Hi Johnben! Oops, so I shouldn’t be keeping my insulin in the fridge door to to shake/rattle/roll? I know a few times, when I’d opened up the door to fast, the insulin took a tumble. Lately, I’ve only been keeping the insulin I need, in my bedside table drawer (I refill my insulin pump cartridge every 3 days). When I was MDI (multiple doseage injecting) did the same thing, kept the insulin at room temperature. My pharmacy is down the street (I walk to it), I basically use them as my “fridge” for insulin storage, and when I run low, I go and get another bottle of insulin to keep me alive and kicking :smiley: Glad to read your BG’s are back to normal!

Dave, tell me, are you David the owner of this group?


Or am I mixed up with daibetes-daily?


Compartmentalized!!! Seventeen letters!! (Don’t you just hate those old professional administrative assistants who proofread everyone’s work and then make corrections??)

I never heard anything negative about keeping insulin on the refrigerator door. Although I did hear lots of negative things about not refrigerating it for too long. In fact, just last week I told my Nurse Practitioner that I left out my insulin for 6 days and she advised me to toss it out because the U500 would be proportionately weakened (as opposed to regular insulin). I had about a third of the vial left. (U500 is 5’xs as strong as other insulins.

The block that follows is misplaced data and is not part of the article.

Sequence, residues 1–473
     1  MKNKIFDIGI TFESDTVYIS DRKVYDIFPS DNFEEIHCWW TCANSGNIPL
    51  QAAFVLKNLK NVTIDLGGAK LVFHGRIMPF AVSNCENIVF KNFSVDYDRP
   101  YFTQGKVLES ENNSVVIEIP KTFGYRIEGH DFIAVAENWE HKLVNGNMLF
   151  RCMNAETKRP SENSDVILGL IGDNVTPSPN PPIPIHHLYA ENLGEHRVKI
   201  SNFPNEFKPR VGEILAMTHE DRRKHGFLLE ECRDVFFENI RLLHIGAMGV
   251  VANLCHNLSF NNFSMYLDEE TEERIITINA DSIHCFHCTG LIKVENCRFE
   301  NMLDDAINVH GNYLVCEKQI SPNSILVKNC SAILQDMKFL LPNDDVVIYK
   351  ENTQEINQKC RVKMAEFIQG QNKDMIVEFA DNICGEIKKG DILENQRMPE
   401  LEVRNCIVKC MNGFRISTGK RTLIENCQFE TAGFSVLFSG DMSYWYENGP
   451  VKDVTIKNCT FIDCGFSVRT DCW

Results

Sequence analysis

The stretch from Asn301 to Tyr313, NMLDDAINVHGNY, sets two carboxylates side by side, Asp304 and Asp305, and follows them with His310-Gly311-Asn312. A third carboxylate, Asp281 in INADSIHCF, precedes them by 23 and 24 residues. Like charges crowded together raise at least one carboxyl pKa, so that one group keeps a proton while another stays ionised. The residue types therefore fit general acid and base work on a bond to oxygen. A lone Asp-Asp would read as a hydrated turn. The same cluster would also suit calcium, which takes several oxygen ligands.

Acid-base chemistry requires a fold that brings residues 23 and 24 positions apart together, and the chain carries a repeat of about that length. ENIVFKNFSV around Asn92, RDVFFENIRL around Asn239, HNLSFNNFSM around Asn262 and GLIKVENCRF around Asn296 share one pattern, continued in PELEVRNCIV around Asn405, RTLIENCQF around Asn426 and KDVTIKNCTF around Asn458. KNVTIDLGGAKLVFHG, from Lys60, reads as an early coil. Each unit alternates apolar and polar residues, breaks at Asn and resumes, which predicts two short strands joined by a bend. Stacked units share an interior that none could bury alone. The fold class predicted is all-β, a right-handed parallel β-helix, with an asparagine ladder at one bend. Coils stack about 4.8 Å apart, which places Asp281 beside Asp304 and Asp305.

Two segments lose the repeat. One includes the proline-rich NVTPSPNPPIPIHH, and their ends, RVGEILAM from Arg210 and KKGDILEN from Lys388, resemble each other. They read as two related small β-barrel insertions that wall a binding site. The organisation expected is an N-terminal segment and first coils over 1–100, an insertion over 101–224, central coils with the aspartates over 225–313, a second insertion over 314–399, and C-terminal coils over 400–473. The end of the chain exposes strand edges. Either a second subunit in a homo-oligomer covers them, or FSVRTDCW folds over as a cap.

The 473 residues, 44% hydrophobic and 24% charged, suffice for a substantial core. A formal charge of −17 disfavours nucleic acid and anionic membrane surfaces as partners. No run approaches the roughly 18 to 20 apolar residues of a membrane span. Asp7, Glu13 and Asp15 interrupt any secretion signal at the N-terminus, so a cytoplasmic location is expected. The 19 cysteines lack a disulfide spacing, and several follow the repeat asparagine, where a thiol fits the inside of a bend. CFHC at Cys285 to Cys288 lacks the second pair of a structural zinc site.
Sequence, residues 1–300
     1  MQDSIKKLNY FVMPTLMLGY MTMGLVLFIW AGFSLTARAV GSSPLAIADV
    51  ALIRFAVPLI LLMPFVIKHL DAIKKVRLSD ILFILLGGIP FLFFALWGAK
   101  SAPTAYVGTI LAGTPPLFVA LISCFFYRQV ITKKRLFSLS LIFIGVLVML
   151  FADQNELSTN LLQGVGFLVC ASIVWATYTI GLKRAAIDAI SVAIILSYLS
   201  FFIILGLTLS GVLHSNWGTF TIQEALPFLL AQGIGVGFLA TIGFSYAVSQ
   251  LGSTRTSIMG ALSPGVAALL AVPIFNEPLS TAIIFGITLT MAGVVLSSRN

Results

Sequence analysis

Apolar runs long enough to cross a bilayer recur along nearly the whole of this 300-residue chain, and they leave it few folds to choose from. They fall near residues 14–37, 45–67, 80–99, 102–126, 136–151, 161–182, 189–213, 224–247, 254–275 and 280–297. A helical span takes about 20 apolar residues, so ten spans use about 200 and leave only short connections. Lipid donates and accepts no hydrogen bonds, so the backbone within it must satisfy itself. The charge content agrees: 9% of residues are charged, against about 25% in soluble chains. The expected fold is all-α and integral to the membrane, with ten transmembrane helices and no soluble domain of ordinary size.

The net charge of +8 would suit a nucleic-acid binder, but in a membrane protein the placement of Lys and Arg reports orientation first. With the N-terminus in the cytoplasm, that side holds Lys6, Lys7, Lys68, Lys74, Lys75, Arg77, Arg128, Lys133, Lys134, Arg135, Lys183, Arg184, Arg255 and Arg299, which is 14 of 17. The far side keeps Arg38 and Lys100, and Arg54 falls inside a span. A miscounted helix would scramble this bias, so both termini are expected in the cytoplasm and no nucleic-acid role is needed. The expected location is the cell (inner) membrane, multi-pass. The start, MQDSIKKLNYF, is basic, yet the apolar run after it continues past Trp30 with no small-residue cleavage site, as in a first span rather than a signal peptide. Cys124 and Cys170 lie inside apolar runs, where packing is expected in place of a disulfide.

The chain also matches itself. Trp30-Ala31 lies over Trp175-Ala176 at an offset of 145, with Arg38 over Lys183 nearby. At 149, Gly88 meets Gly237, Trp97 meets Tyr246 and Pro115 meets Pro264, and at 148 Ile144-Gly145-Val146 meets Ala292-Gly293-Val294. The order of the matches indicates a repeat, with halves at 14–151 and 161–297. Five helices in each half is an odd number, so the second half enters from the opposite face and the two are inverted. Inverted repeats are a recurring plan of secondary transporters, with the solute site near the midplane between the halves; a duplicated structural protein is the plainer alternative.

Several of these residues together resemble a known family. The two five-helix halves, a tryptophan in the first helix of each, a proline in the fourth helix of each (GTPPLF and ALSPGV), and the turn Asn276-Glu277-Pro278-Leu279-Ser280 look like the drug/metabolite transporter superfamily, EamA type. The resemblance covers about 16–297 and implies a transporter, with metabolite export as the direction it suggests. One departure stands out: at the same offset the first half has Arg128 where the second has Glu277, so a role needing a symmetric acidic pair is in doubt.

By the way, JB, did I misunderstand you? Did you actually mix Lantus and another insulin together? Of did you take them in separate syringes. Because, as I am sure you would probably know, actually mixing them in the same syringe could cause a very bad reaction.


“So I made use of the opportinity to screw up.” LOL JB! I like the way you put things. :smiley:

My Insulin had been kept in the fridge in an enamal container when I was a Kid and on my fridge door since I left home. I’ve had a few vials through the years that were not very potent but I think that had to do with the particular Pharmacy back then. All the rest of the Insulin worked Fine and it works longer than the 28 days recommended.

For heavens sakes…you’re going to be 80 years old. No one’s brain works as well at 80 or even 65, as it did at age 28. And that includes non-Diabetics. Most People over 40 notice changes in their memory. Even one of my Drs. mentioned that his memory isn’t as Good as it used to be. And he is only 58.

A Huge Congrats on making it to your 80th Birthday soon. You Rock! :slight_smile:

…lovely , that I got to read a few Dutch words here .Wel te rusten JB .

Glad that you were able to figure out the reason for the low. Even though it’s scary, sometimes it’s better to know why it happened.

The door is indeed not the coldest place in the fridge, but insulin does not need to be stored at very cold temperature (i.e. the fridge is even colder than it needs to be). So I don’t think that it is a problem to keep your insulin in the door. I do too and I have never had any problems.

Is shaking insulin bad for it? I can’t imagine why it would be.